As 2019 drew to a close, futures market participants began looking ahead to the busy calendar of 2020. A conclusion to impeachment proceedings against Donald J. Trump, a resolution to the U.S./China trade war, and a hotly contested presidential primary season highlighted early 2020’s docket. These three issues were perceived to be game changers, but each took a backseat to the coronavirus (COVID-19) outbreak.
Going into Q2 2020, there are more fundamental questions than answers. Let’s take a look at three issues that you’ll need to stay on top of until the end of the year.
1. Coronavirus Outbreak
The COVID-19 outbreak is one of the largest financial stories in recent history. Declared a pandemic by the World Health Organization (WHO) in March 2020, COVID-19 brought a swift correction to U.S. equities and a mass exodus to safe-haven assets.
It’s impossible to predict the final outcome of the COVID-19 saga. Massive funds have been committed to fight the disease, yet its eventual reach has yet to be quantified. In the event that coronavirus fallout is worse than expected, safe havens are likely to perform well. Shrinking GDP growth and lagging corporate earnings could also be catalysts for recession.
2. Monetary Policy
One result of the coronavirus outbreak was aggressive action from the U.S Federal Reserve (FED). On March 3, 2020, the FED instituted an “emergency” rate cut of ½ point. In addition, another ¼- or ½-point cut was expected at the FOMC’s scheduled March 18 meeting. Given the FED’s exceedingly dovish tone, central banks around the world quickly followed suit and began cutting lending rates.
FED policy is always a key fundamental driver of the futures market. However, it will be even more important as the U.S. attempts to avoid a post-coronavirus recession. The Federal Funds Target Rate is already at historic lows, which raises the possibility that the FED may adopt a negative rate policy or other forms of aggressive quantitative easing. Given the unprecedented nature of the COVID-19 outbreak, anything is possible.
3. The 2020 Presidential Election
Before the coronavirus outbreak and FED rate cuts, most participants in the futures market expected fireworks to surround the 2020 U.S. Presidential election. Donald J. Trump will be the first incumbent to run for re-election after being formally impeached. Although traders can’t predict the vote’s final tally, volatility is expected in the lead up to and the days following Election Day 2020.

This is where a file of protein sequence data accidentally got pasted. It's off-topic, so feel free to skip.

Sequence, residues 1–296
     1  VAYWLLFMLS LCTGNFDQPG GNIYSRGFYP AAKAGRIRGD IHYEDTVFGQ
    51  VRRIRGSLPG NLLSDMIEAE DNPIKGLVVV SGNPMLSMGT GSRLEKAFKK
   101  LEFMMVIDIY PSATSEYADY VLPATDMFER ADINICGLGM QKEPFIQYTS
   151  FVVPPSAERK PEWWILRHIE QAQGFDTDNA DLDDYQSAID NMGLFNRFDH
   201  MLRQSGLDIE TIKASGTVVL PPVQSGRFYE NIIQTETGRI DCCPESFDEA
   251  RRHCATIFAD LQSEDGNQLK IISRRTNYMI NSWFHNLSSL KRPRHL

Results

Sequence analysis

If the futures market learned anything from 2016, it was that polling data is largely unreliable. Going into the 2020 election, traders will instead focus on two big questions from the Democratic side of the ledger:
- Which candidate? The 3 March “Super Tuesday” primaries brought a groundswell of support for centrist Democratic candidate Joe Biden. Following this outcome, many traders bid the equities indices based on their belief that Biden would on the November ballot. Should this dynamic shift, further market volatility is expected.
- A brokered convention? One of the scenarios being discussed in political circles is the possibility of a brokered convention. If Biden doesn’t capture enough delegates during the primaries to win the nomination outright, the convention (July 13 to 16) could end up being brokered. Short-term volatility is likely to sweep through equities and safe-haven products as a result.
Need Help Staying on Top of Futures Market Fundamentals?
This is turning out to be a historic year in finance. The COVID-19 outbreak, aggressively dovish FED, and U.S. electoral cycle are certain to have profound impacts on the markets.
A great way to stay on the cutting edge of the futures market is to consult Daniels Trading’s Insider Market Advisory. Featuring timely analysis, price outlooks, and actionable trade ideas, the Insider Market Advisory is a valuable resource for any trader active in 2020. Sign up for your free two-week trial today.